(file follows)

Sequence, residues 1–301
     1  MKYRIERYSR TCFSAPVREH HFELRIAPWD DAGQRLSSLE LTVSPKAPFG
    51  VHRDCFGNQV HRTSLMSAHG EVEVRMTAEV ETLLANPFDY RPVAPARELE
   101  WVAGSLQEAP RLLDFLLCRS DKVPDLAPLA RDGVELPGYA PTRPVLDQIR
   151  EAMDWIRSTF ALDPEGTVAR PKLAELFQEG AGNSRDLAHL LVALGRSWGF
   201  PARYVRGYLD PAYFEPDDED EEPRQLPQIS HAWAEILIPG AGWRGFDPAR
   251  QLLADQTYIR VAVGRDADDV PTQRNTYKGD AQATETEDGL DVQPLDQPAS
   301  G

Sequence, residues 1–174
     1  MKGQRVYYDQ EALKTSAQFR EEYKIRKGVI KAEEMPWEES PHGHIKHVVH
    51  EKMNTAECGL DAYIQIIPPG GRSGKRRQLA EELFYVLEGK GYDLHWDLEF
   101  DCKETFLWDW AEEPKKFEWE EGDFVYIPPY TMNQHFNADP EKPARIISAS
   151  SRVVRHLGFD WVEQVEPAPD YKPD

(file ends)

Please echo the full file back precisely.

Sequence, residues 1–301
     1  MKYRIERYSR TCFSAPVREH HFELRIAPWD DAGQRLSSLE LTVSPKAPFG
    51  VHRDCFGNQV HRTSLMSAHG EVEVRMTAEV ETLLANPFDY RPVAPARELE
   101  WVAGSLQEAP RLLDFLLCRS DKVPDLAPLA RDGVELPGYA PTRPVLDQIR
   151  EAMDWIRSTF ALDPEGTVAR PKLAELFQEG AGNSRDLAHL LVALGRSWGF
   201  PARYVRGYLD PAYFEPDDED EEPRQLPQIS HAWAEILIPG AGWRGFDPAR
   251  QLLADQTYIR VAVGRDADDV PTQRNTYKGD AQATETEDGL DVQPLDQPAS
   301  G

Sequence, residues 1–174
     1  MKGQRVYYDQ EALKTSAQFR EEYKIRKGVI KAEEMPWEES PHGHIKHVVH
    51  EKMNTAECGL DAYIQIIPPG GRSGKRRQLA EELFYVLEGK GYDLHWDLEF
   101  DCKETFLWDW AEEPKKFEWE EGDFVYIPPY TMNQHFNADP EKPARIISAS
   151  SRVVRHLGFD WVEQVEPAPD YKPD